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Social Media Monitoring is Worth the Investment

COMMENTARY
By Irvin Jalang’o | January 19th 2017

I had confidence in my father. I also had the fear of God, knowing that nothing I did under his roof would go unnoticed.

One Sunday morning, everyone was getting ready for church; my father was a staunch Catholic, who made us all recite ‘Hail Mary’ by age 5. In fact by the time I joined nursery school at the same age, I had no idea why other children around me still had to learn how to speak. But that Sunday morning was a rare one, when instead of the usual tea and bread smothered with margarine, there was the welcome addition of boiled eggs. And the rule was one egg a person. Egg tasted better than bread by all means and I had a sweet tongue. So I thought to myself, why not hide one egg under the pillow and see if anyone would notice. And as everyone settled on the table for breakfast, my father looked at me in the eye and I cringed within, knowing he knew. I walked slowly to my bed, lifted the pillow and brought the egg to him, and asked him to help me peel the shell off. I knew he knew, even if he didn’t. That didn’t matter, what did was that in my mind, I knew he knew. And I grew into a proper adult.

As an adult, I relate government to the household I grew up in. So recently when I read a lamentation here about how the Government should not have invested Sh600 million in a social media monitoring system for the upcoming General Elections, I remembered my father, shook my head and started writing this.

Social media is extremely quick, dynamic, and has a savagely large audience. It generated an alternative public sphere and enabled a new kind of citizen participation in discussing matters. In my short 10 year use of social media, I have realized that rather than being in the leisurely pursuit of its social aspect, some users who have neither the moral nor intellectual capacity to handle it turn it to a rubble rousing tool.

Words are dangerous. Words can be used to say anything, even if it’s a lie, because there’s no licensing process. Words are mightier than a gun they say, yet there are legal restrictions on carrying guns in public but none on walking around with concealed writing utensils. Clearly, social media can’t be trusted with just anyone. Since you cannot put its use in the hands of a few highly-trained professionals, monitoring is necessary.

The pattern of election violence following the 2007 elections occurred in discernable waves. Social media offered narratives by citizen reporters and digital activists that were more diverse than the views presented in the mainstream media, and represented grassroots reactions during the crisis. Social media offered swifter, more subjective, and more detailed coverage during a fast-moving and changing situation. Pundits did say that media needed a bit of regulation to avoid a repeat of the same situation.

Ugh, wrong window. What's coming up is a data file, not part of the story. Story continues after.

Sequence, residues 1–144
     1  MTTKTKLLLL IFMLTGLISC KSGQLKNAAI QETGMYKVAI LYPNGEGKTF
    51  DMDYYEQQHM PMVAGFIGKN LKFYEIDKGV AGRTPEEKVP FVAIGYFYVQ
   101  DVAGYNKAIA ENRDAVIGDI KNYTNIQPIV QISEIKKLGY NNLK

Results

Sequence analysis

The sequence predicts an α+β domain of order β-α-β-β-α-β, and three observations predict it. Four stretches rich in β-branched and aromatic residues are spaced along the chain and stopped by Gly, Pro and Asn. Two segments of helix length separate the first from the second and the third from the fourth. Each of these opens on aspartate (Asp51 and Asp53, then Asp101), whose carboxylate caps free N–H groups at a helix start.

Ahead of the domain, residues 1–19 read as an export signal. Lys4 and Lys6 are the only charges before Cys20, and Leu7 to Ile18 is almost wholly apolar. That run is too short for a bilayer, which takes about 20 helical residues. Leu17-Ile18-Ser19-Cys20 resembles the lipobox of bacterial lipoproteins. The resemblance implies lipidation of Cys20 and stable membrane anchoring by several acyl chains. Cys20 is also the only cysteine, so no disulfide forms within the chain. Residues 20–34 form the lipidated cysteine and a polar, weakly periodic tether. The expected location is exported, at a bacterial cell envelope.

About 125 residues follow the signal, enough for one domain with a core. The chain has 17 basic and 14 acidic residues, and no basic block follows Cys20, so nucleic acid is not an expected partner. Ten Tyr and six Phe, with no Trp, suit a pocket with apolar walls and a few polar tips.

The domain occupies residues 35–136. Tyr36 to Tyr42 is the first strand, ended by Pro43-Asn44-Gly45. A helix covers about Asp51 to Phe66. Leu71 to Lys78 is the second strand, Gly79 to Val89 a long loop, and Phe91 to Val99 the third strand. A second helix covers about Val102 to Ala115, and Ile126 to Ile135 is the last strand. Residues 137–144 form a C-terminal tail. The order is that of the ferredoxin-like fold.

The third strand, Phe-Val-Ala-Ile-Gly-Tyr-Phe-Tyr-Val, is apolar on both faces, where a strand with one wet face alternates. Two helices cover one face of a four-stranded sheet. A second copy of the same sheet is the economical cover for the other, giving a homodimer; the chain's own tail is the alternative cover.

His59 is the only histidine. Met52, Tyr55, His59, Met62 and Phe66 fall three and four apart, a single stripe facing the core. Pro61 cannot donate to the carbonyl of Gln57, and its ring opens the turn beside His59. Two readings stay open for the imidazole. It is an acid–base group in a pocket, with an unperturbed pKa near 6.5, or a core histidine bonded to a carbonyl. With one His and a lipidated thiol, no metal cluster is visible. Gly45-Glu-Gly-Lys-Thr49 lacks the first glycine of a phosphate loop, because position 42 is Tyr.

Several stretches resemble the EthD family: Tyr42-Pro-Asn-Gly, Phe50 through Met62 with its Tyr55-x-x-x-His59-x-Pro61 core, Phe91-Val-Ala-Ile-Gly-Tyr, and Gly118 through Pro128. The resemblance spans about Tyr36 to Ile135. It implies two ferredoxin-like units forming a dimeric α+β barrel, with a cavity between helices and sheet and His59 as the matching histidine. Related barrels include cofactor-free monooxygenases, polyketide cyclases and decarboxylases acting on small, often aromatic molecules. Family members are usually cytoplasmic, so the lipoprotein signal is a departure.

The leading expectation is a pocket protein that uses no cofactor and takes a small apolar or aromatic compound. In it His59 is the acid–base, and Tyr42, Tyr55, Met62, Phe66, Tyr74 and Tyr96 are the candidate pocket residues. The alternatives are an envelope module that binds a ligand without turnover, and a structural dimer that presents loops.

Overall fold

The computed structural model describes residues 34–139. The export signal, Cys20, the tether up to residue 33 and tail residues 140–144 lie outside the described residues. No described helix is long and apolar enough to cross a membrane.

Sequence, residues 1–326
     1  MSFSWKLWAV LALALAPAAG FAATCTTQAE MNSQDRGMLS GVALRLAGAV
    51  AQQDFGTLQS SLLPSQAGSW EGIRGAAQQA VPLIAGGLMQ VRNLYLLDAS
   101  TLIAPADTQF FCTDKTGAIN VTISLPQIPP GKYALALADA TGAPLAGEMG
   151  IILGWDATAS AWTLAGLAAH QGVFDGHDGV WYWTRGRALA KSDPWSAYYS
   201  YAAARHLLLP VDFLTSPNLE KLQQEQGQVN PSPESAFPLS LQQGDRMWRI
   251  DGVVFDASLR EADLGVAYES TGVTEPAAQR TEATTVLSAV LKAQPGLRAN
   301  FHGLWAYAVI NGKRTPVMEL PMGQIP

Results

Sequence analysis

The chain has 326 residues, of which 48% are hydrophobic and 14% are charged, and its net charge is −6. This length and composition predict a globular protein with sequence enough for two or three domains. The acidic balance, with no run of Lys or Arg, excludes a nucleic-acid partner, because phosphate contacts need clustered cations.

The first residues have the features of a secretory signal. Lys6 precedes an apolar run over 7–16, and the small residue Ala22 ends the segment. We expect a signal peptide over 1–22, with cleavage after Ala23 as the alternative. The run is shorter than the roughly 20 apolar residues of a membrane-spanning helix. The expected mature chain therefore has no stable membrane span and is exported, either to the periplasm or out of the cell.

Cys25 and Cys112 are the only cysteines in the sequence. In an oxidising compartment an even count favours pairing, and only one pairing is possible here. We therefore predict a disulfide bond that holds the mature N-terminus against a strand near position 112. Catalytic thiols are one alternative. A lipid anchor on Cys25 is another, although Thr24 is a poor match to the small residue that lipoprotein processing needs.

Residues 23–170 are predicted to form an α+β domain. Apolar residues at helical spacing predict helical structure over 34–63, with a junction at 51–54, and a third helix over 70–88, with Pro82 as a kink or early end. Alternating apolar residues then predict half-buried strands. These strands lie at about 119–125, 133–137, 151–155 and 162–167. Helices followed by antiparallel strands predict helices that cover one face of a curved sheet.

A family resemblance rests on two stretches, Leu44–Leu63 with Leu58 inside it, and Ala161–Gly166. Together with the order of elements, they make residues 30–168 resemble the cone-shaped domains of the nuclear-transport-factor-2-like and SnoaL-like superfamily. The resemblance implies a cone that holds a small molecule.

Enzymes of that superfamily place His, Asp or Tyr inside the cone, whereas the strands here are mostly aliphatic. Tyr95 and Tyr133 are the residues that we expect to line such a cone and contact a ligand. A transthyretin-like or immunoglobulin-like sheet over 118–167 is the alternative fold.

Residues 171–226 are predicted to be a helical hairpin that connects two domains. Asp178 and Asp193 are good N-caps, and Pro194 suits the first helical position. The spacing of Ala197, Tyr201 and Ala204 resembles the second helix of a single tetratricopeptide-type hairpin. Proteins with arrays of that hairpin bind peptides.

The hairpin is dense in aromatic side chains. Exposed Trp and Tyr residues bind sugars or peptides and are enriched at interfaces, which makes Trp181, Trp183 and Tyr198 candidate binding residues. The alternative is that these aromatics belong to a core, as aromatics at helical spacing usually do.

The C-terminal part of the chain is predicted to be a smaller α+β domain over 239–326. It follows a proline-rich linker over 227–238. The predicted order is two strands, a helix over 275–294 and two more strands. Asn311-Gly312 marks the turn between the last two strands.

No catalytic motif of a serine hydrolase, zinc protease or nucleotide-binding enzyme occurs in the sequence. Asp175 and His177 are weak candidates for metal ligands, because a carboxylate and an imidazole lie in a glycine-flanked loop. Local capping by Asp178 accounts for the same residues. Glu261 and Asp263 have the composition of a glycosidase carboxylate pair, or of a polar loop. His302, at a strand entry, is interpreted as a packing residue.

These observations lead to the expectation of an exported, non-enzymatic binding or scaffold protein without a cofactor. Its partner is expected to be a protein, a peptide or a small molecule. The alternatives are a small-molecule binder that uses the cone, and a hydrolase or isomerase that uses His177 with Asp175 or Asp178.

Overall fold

Since then, social media has grown into a larger medium (So large that media houses have social media accounts); commentaries start from way before an election is thought of. And in that period, the flaring emotions and messages that run on these platforms cannot be assumed not to exist. The more time you have to learn about the backward motives some people have on social media, the more likely you are to remain unimpressed by the platform. Social media is not all likes, retweets, smiley faces and emojis… Therein also lie terrorists, pedophiles, hackers, conmen and every other noun for ill-motivated humans.

But we are not a pariah state, we do not shut down the internet or blacklist some websites, we do not switch off communication in the face of trouble, we do not block Twitter and Facebook even in the worst of terror attacks. So far, the government has done well in letting freedom run on social media. While I agree with the article on the devastating drought we are facing, relating the spending on social media monitoring and giving one weight over another is not right. They are two different spheres, two different subjects with different intricacies, only merged by the finance bit. And that bit would be too shallow without the background story to each. Drought became a national disaster just the other day, and 9.2 billion shilling has been pumped into it, but social media has been here and will still be here (Monitoring also means you can tell where what is happening, including drought, faster than mainstream media will report it). To play politics with either is saddening.

We can never agree on surveillance, it is a global gray area, but it works. Investing such an amount to keep us all safe, cannot be that bad. What is dangerous is using either topic subjectively.

The opinion is in response to the commentary on Wednesday by Edward Wanyonyi entitled Kenya buys Sh600M social media monitoring tool as people starve https://www.standardmedia.co.ke/article/2000230286/opinion-kenya-buys-sh600m-social-media-monitoring-tool-as-people-starve

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